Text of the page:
You Don’t Play ‘Game Night’ It Plays You (Movie Review)

There seems to be a brand of studio comedies in the 2010s that do enough to hold you in place for 90-100 minutes and then instantly evaporate afterward. It’s not unlike other decades, but there’s the addition of flashy direction that makes me think the film was at least trying hard. That’s the sort of mold Game Night fits into. It’s perfectly enjoyable, complete with a solid core cast, some fun cameos, and ample shock humor. This is the sort of film where a ridiculous premise is enacted, while we get all the principal characters putting just as much focus on their personal lives, which will no doubt take a turn for the better, just as the plot concludes as well. There’s nothing wrong with this; it just ends up feeling hollow.

Jason Bateman and Rachel McAdams star as Max and Annie, a married couple who bonded over their intense, competitive nature when it comes to games (trivia, board games, video games, etc.). They throw a weekly game night with their other friends (Billy Magnussen, Lamorne Morris, and Kylie Bunbury), but things take a turn when Max’s brother Brooks (Kyle Chandler) comes to town. Always seen as the more successful brother, Brooks takes the opportunity to show up his brother by ramping up the game night by way of an elaborate murder mystery game. Problems arise when it turns out the group is caught in the middle of an actual kidnapping/crime plot.

With a premise like this, there are only so many options for where to take it. Rather than steer this into darkly comedic territory (despite the ample David Fincher references), however, the film settles for a fast-paced farce. That’s fine, as it allows for a capable cast to be quick with the quips and play up the hilarious reactions to some shocking situations they find themselves in. There isn’t much room for greater themes beyond some of the obvious personal arcs between the three central relationships on display.

As Max and Annie, Bateman and McAdams are mashing up the idea of being fun gamers and future parents, assuming they can finally get a pregnancy going. Morris and Bunbury have a silly subplot involving past infidelity during a brief breakup. Magnussen’s character is a dimwitted charmer, and he is partnered with Catastrophe’s Sharon Horgan, who is much smarter, but into the crazy turns the night takes. It’s all enough to keep these characters fun when separated and work as a fine ensemble when together. Chandler is also solid, playing against type and having a lot of fun with it.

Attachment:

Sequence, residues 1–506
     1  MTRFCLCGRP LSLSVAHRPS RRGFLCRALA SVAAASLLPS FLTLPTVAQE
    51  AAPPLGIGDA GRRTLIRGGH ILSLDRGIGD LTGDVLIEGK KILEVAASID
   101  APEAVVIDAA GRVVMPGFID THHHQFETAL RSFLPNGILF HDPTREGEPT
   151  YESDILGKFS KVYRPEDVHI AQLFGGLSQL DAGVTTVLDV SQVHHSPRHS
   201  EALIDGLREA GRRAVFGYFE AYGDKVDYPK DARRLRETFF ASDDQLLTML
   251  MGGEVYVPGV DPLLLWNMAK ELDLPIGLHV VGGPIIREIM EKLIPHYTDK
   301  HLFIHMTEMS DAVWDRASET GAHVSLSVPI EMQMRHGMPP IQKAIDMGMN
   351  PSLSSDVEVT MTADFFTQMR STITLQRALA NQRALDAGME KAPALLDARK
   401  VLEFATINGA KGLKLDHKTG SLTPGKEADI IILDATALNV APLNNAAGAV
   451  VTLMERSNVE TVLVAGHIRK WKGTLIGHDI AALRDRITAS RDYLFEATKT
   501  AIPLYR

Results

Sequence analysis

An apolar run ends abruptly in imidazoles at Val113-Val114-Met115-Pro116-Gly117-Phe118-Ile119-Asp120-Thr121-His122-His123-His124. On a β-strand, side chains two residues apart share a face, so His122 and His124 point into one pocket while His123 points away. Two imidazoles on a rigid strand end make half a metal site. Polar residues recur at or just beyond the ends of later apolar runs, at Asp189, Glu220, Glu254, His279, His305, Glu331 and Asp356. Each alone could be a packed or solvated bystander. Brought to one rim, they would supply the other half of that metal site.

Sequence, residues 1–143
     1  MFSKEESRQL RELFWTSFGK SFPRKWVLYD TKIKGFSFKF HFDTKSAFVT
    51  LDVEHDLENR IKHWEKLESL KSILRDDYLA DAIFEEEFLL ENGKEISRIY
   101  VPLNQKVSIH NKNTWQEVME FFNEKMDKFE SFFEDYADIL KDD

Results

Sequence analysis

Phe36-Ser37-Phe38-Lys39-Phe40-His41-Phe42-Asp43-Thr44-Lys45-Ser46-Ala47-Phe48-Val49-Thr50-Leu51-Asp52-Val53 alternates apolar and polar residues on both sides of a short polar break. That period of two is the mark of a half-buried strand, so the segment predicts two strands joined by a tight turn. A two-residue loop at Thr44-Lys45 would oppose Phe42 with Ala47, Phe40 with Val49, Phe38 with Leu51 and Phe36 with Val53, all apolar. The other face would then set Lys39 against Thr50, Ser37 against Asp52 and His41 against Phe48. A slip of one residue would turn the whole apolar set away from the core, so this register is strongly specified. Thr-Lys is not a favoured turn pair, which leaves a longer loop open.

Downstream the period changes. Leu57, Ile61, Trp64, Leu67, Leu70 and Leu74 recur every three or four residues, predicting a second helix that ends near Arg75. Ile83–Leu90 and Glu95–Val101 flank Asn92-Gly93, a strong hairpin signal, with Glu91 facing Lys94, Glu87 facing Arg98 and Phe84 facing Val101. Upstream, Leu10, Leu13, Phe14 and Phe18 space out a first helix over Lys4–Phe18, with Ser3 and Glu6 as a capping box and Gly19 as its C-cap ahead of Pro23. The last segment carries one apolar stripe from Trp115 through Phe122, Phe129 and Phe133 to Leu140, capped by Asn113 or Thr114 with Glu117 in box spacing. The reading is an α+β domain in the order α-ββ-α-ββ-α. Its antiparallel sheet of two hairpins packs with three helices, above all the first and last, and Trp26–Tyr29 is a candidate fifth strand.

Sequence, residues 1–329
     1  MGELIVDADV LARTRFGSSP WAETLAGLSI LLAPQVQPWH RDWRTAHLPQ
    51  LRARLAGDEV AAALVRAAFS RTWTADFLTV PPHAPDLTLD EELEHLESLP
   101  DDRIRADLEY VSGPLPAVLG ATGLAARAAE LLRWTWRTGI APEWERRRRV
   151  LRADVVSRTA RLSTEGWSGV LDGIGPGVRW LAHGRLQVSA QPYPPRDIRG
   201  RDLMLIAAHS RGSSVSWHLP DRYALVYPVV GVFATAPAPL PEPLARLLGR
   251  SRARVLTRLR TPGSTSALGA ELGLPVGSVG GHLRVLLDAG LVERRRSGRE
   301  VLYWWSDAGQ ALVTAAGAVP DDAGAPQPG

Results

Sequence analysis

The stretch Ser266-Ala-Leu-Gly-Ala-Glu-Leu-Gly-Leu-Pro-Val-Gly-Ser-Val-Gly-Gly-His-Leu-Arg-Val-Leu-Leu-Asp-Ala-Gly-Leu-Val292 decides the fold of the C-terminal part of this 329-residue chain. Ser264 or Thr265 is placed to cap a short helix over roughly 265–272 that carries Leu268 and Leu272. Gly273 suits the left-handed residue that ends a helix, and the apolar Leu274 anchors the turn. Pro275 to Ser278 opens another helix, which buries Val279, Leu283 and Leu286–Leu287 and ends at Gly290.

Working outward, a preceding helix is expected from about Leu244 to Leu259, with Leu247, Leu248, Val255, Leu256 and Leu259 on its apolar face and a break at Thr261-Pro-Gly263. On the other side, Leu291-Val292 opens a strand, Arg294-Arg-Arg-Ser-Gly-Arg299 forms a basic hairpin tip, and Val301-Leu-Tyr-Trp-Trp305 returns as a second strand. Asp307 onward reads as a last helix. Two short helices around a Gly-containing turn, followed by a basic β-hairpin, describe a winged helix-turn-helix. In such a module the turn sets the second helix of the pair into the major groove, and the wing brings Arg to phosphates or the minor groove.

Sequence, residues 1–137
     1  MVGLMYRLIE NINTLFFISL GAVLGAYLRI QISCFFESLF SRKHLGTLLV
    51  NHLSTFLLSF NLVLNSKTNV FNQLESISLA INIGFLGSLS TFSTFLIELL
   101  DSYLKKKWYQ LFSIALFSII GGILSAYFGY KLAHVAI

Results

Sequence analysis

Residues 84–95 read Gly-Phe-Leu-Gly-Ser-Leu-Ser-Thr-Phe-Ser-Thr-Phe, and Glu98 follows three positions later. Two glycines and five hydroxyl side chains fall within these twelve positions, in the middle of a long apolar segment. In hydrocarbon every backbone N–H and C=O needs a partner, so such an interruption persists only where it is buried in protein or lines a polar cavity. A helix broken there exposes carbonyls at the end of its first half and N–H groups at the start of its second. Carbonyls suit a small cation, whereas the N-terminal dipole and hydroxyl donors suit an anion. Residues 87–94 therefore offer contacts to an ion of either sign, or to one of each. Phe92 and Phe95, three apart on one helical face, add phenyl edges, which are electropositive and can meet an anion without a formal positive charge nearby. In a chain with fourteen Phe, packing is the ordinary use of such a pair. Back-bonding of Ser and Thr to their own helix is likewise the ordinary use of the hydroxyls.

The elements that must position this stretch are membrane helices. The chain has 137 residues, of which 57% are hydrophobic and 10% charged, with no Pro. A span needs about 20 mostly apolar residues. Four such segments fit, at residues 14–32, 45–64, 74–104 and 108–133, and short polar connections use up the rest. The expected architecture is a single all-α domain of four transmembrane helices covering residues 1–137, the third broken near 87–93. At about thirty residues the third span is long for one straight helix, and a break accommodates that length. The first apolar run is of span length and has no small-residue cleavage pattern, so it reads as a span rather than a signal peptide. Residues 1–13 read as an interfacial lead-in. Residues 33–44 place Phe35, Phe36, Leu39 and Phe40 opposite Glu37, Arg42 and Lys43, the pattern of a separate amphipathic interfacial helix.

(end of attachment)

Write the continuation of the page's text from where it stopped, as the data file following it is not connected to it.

There are plenty of cameos that I won’t spoil, but the best work perhaps comes from Jesse Plemmons. He plays Gary, the awkward neighbor next door and one you can assume is terrible at games and even worse at being a party guest. There’s an uncomfortableness to him that never gets old as far as generating laughs, even as the character is taken to the extreme as the film carries on.

Directed by John Francis Daley and Jonathan Goldstein, this is a far better effort than the duo’s Vacation reboot from 2015. It’s more in line with Horrible Bosses, a film these two wrote together. A lot of big moments come from shocking violence and gags handled with a much goofier tone than some would expect. It’s good for a laugh, but will never quite reach that same peak again on subsequent viewings. There’s still the strong cast around the big gag moments. However, with little to latch onto by way of how films like this speak to anything beyond pure fun, there’s just little I expect to think back to when remembering the movie (besides the Buffalo Bill-like intensity of Plemmons’ character, of course).

The direction is not without merit, however. For a film called Game Night, some nice touches as far as Barry Peterson’s cinematography do enough to present a strangely game-like atmosphere. Establishing shots use some focus tricks to treat new locations like a game board, with the cars and characters seeming like game pieces. Cliff Martinez’ score rises to the occasion of capturing an 80s retro theme as well.

Additionally, and not for nothing, there is a good attempt at staging some solid fights and action scenes. An early fist fight leads to a combination of good stunts and cutaway gags. A cleverly manipulated unbroken shot works to make a game of “hot potato” a lot of fun (it makes sense in the moment). If Game Night proves anything, it’s that Daley and Goldstein at least show promise for the upcoming Flash movie they were recently tapped to direct.

Every film opinion is subjective, but comedy is always especially the case. I laughed quite a bit and Bateman’s deadpan is rarely matched, but Game Night is ultimately just some good disposable fun. There’s little here that’s as meaningful as other recent comedies that managed to hit the sweet spot of being wildly entertaining and thematically relevant as well. That can seem like a harsh requirement, but it’s merely a way of saying you can wrap up Game Night pretty quickly and move onto another day.

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